The first casualty of war is truth, they say. I would add that truth is equally moribund in a cold war and a pandemic, or other calamities for which humans blame one another. These days, there are two mysteries of particular importance about which we might never know the truth.
One has to do with the Russian war of aggression against Ukraine, and the wider confrontation between Moscow and the West. This is the question of who sabotaged — with four huge undersea detonations in September last year — the two Nord Stream pipelines, one of which carried natural gas from Russia to Germany, and the other nearly ready to double capacity.
The other mystery involves the COVID-19 pandemic that has killed about 7 million people. It is the question of whether SARS-CoV-2 emerged naturally in China in late 2019 — by jumping from animals to humans — or was manufactured in a biomedical laboratory in Wuhan before escaping into the population. This one touches on the relationship between China and the world, in the context of what increasingly looks like a new cold war between Beijing and Washington.
The four pipeline explosions took place in the Baltic Sea near the Danish island of Bornholm. Geographically, they might have seemed far from the Ukrainian battlefields. However, geopolitically, the blasts occurred on the front line, because they were entangled with two strategic factors. One was Europe’s, and especially Germany’s, dependence on Russian natural gas at the time. The other was the cohesion or fractiousness of the Western alliance in supporting Kyiv and resisting Russian President Vladimir Putin.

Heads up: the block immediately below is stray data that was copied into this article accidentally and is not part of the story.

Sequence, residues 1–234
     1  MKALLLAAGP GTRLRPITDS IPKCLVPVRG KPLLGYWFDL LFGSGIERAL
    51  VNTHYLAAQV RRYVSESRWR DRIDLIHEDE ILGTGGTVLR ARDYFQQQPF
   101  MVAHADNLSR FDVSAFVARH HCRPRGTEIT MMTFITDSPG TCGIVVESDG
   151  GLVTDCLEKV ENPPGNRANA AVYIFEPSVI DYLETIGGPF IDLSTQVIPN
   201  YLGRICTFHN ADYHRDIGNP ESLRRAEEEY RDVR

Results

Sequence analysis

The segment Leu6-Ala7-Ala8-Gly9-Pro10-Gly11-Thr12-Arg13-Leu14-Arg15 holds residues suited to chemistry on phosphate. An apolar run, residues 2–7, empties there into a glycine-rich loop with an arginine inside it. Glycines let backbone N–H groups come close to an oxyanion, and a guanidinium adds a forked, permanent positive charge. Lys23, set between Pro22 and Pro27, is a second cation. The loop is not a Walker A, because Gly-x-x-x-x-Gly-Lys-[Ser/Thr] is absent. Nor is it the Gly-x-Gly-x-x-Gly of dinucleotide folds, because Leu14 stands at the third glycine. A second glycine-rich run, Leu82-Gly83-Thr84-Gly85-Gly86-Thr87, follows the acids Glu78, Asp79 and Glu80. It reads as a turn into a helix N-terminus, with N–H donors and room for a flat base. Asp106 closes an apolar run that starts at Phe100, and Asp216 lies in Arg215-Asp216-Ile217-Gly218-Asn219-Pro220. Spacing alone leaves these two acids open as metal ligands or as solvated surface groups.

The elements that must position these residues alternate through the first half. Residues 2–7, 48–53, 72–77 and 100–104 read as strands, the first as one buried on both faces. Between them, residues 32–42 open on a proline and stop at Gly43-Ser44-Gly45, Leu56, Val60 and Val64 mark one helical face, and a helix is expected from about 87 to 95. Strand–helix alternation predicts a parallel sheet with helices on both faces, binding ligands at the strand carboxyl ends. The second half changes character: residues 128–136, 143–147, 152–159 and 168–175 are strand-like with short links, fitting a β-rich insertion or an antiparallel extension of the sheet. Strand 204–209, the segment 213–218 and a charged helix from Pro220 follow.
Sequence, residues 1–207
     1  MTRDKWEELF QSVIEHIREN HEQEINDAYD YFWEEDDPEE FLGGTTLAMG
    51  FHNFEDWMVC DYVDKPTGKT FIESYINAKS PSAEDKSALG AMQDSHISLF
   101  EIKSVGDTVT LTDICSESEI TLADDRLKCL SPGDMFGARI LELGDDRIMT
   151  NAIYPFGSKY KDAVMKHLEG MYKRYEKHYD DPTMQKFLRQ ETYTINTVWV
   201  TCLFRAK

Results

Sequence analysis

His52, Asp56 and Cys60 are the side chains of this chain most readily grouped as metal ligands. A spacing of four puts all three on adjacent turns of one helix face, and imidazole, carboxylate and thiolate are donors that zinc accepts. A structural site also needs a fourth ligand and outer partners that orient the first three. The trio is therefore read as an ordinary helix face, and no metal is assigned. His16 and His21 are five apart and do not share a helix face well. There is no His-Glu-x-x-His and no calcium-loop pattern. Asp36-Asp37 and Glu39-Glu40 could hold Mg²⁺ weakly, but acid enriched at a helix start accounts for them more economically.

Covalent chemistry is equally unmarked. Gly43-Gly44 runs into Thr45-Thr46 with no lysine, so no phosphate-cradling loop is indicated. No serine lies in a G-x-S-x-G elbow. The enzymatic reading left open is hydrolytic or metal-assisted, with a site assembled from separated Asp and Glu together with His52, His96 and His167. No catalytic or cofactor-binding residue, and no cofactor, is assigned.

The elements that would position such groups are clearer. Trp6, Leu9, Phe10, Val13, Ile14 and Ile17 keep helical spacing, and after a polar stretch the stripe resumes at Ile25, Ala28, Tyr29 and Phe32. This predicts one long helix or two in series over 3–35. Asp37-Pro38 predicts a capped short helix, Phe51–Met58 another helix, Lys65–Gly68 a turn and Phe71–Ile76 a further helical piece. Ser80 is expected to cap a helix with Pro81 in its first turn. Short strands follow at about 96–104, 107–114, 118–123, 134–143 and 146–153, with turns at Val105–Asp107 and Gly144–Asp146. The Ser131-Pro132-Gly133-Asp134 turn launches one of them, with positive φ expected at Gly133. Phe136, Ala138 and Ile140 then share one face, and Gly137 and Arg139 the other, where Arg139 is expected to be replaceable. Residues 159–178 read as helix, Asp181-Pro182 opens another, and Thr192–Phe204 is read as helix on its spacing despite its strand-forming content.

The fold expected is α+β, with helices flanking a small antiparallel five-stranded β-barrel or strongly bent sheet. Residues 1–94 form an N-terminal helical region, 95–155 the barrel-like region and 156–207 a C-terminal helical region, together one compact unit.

There is a consensus that the hit against Nord Stream 1 and 2 — each of which is actually a pair of undersea conduits — was a sophisticated and professional job, and almost certainly state-sponsored. Divers must have brought — undetected — enormous amounts of explosives to the locations in the open sea, then attached the charges deep underwater.
As usual, all parties in the conflict immediately blamed whomever they deemed their enemy. Ukraine and Poland said the Kremlin was behind the sabotage, as part of its “hybrid warfare.” Russia, unsurprisingly, denied involvement. Evoking James Bond memes, the Kremlin instead accused the UK, which refuted the charge in turn.
More recently, US investigative journalist Seymour Hersh blamed the US, which Washington immediately denied. Now new theories have emerged that point either to an unnamed and unknown pro-Ukrainian group working independently of the Kyiv government, or to Russians working against the Putin regime. As ever, denials all around, and no hard evidence.
As to the provenance of SARS-CoV-2, there is a consensus that it was never engineered to be a biological weapon. However, from the early days of the pandemic, some experts and Western politicians have speculated that it might have accidentally leaked from the Wuhan Institute of Virology, which experimented with just such coronaviruses and is geographically near the epicenter of the first outbreak.
Early proponents of this theory included former US president Donald Trump and former US Centers for Disease Control director Robert Redfield. Until this day, scientists, government officials and intelligence services are split. Some believe the virus is zoonotic, having hopped from animals to humans. Others, including the US Department of Energy, believe that a lab leak is more likely.